Recent AYP results examined during Opelika school board meeting

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by the Opelika Observer staff

 

While much ballyhoo and bold headlines were made of the Opelika City Schools’ lack of adequate adequate yearly progress (AYP) scores from the state, OCS assistant superintendent Brenda Rickett took time during Tuesday’s school board meeting to explain the scores and put their meaning in context.

The system met all but one of the 25 goals at the third through fifth grade span, failing to make AYP in reading for the special education subgroup, though only two of the 62 special education students in the subgroup were found to be “not proficient.”

Opelika Middle School had similar issues, meeting 22 of 23 goals, but not making AYP in the special education subgroup, again with only two of 75 students scoring “not proficient” on the high-stakes tests.

Rickett said while the scores were not as high as the system had hoped, the special education subgroup at both schools had made great strides over the last few years, citing a rise in proficiency percentages across the board in reading scores – including a rise in 6th grade scores from 37.5 percent in 2008 to 60.8 percent last year.

At Opelika High School, 17 of 20 goals were met, with the free/reduced meals, black and all students subgroups not making AYP in reading. AYP was met in mathematics for all subgroups.

Again, Rickett pointed to the percentage changes in those subgroups as a sign of progress, with the free/reduced meal subgroup seeing a 7 percent higher pass rate than in 2008.

Superintendent Mark Neighbors said that while some students did not do well on the graduation exams their 11th grade year, the school’s pass rate was much higher for seniors, with a 92 percent pass rate for this year’s senior class compared with the 83 percent pass rate the school earned while those students were juniors.

Board members questioned Rickett and Neighbors on whether the school’s higher concentration of students with special needs was a factor in the AYP results.

Both Rickett and Neighbors said that while Opelika does have a higher number of students with special needs than its neighboring systems, school officials are reluctant to put more of those students on a different track to achieve an Alabama Occupational Diploma (AOD), given to students who fail to pass the necessary portions of the Alabama High School Graduation Exam.

“If a child cannot pass the high school graduation exam, they cannot graduate with a standard diploma,” Rickett said. “The AOD diploma does not count toward graduation, and it also does not provide the same weight when a child is looking for jobs.”

It is for that reason, Rickett explained, that the Opelika system is careful about assigning students to Alabama Alternate Assessment (AAA) instead of the Alabama Reading and Mathematics Test (ARMT), which leads to a standard diploma.

“We are very, very careful because once we say they’re going to be on AAA, we have set a course for them that will be hard to turn back from, and we want to give every child  every chance possible to get a standard diploma, even if it means our test scores may not look as good as everyone else’s,” Rickett said.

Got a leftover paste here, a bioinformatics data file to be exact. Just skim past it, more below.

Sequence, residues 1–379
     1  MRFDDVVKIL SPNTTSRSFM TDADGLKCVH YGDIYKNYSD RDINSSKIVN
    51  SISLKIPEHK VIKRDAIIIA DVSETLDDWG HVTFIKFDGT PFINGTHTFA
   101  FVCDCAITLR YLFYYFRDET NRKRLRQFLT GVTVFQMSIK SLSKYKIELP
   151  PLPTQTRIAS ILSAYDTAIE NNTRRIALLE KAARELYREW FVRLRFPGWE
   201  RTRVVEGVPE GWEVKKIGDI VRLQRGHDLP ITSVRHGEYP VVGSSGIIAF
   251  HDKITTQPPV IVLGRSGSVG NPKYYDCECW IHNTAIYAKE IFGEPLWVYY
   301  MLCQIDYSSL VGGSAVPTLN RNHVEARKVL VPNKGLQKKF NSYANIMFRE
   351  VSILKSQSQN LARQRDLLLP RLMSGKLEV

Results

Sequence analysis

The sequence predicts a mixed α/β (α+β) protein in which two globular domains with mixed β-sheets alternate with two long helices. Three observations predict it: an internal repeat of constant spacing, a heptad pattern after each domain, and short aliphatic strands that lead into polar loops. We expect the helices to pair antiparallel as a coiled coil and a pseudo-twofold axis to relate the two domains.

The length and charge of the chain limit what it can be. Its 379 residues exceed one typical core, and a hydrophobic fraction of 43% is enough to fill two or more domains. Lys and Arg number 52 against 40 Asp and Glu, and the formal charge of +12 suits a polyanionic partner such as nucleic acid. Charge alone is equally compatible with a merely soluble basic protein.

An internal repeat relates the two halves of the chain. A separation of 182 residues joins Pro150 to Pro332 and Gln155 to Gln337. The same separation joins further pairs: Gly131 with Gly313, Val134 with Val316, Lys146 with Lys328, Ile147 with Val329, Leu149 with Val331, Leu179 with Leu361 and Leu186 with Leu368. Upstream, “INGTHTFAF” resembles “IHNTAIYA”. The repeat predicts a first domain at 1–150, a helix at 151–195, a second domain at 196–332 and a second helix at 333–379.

Rickett added that in the coming year, the state of Alabama hoped to implement its own system for monitoring schools’ progress and that the state department of education was currently working on its new measurement system.

During the rest of the board meeting, Neighbors announced a motion to dismiss had been filed between the school system and former Northside principal Chris Dark. Dark’s attorney, Auburn’s Don Eddins, filed the motion to dismiss Sept. 11 after the parties reached an amicable agreement.

Neighbors reitterated that no money or settlement had been reached between the parties; any settlement would have required a school board vote for approval.

In other actions, the school board:

– Approved the hiring of six new system employees, including two new kindergarten teachers to keep class sizes level at Southview and Carver.

– Was presented with books and t-shirts by Rev. Steve Carson on behalf of the “One City, One Book” program. This year’s book and program, “Uncommon” by Coach Tony Dungy, was launched last week during the Opelika/Robert E. Lee football game.

– Saw a presentation from architect David Payne, who showed the board 3D artist’s renderings of the planned Opelika High School renovation project.

– Agreed to a five-year capital improvement plan.

– Passed the fiscal year 2013 original budget proposal.

– Allocated money from the state at-risk community service collaboration funds to the Boys and Girls Club of Lee County and Greater Peace Baptist Church for special services for at-risk students. The Boys and Girls Club received $15,000 while Greater Peace got $5,000 in funds.

– Approved a payment plan for the Opelika high project with the city of Opelika that the Opelika City Council passed in August.

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